Comparison of postoperative complications and clinical outcomes between simultaneous and staged bilateral total knee arthroplasty

Jong-Hwan Seol, Jong-Keun Seon, Eun-Kyoo Song
Journal of Orthopaedic Science: Official Journal of the Japanese Orthopaedic Association 2016, 21 (6): 766-769

BACKGROUND: Controversy exists regarding the safety of simultaneous vs. staged bilateral total knee arthroplasty (TKA). The purpose of this study was to compare postoperative complication rate and clinical outcomes of simultaneous vs. staged bilateral TKA.

METHODS: A consecutive series of 1074 patients who underwent either simultaneous (759 patients) or staged bilateral (315 patients) TKA from 2004 to 2013 were enrolled in this study. Postoperative complications were categorized as minor or major. Clinical outcome was evaluated at the last follow-up using Knee Society Score (KSS), Western Ontario and McMaster Universities Arthritis Index (WOMAC), and range of motion (ROM).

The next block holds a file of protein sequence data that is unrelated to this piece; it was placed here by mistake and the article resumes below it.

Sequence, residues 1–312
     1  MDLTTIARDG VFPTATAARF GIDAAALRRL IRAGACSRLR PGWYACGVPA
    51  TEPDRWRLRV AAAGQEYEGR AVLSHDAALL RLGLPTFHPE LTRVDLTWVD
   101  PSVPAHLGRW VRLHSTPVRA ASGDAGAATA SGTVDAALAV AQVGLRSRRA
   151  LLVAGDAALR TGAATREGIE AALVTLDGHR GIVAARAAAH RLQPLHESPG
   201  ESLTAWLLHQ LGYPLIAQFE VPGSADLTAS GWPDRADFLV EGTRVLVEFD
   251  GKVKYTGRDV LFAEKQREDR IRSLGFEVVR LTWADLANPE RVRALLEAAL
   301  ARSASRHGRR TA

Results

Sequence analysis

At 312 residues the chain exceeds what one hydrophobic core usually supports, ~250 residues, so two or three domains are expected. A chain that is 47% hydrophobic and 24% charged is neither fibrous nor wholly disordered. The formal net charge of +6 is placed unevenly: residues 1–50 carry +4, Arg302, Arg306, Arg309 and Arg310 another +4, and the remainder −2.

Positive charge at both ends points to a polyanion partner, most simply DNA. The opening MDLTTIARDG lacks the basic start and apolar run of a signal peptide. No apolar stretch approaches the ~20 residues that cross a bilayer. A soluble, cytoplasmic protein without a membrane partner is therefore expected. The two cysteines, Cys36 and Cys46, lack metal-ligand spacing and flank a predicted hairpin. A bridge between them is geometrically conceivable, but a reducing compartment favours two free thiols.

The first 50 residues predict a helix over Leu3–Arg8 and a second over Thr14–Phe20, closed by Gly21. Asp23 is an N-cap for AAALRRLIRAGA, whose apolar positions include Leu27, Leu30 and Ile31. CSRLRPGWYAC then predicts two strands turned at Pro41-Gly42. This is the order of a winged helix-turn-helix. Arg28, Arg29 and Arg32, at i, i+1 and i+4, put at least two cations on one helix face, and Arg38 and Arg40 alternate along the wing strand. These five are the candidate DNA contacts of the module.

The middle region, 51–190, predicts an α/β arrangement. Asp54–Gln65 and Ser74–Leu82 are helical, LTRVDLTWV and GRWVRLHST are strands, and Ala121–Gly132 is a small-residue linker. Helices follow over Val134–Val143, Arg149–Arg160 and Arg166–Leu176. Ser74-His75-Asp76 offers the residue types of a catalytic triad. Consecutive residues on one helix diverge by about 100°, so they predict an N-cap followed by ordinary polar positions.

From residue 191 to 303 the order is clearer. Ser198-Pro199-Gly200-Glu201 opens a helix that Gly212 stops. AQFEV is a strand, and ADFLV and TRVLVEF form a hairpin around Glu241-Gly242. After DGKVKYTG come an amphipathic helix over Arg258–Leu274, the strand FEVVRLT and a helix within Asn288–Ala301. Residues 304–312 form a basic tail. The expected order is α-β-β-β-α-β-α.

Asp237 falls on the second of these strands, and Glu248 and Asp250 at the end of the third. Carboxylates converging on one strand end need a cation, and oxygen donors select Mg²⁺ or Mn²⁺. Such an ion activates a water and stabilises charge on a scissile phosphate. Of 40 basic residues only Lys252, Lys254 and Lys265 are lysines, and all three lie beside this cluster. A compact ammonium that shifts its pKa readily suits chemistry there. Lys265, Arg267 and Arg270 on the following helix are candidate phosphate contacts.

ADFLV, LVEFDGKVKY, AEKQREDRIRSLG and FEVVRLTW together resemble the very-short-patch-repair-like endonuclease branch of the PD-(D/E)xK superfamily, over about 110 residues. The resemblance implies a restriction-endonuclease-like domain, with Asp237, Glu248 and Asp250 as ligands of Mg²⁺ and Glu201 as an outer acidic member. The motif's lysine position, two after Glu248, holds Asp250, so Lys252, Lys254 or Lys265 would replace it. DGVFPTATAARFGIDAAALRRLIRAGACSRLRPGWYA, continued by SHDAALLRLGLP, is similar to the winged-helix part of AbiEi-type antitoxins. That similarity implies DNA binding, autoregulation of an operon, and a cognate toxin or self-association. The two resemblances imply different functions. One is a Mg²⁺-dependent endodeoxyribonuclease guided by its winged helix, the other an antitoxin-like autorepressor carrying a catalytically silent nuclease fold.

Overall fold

RESULTS: Major complication rate was not statistically different between the two groups. However, minor complication rate was significantly (p < 0.05) higher in the staged TKA group compared to that in the simultaneous TKA group. The median length of stay (LOS) in hospital was 18.0 days after simultaneous TKA vs. cumulated LOS of 34.1 days in the staged group (p < 0.05). Clinical outcome results revealed that there was no significant difference in KSS, WOMAC scores, or ROM between the two groups.

CONCLUSIONS: Therefore, simultaneous bilateral TKA has some advantage such as less length of stay in hospital compared to staged bilateral TKA. However, this procedure should be conducted very carefully, particularly in high-risk patients.

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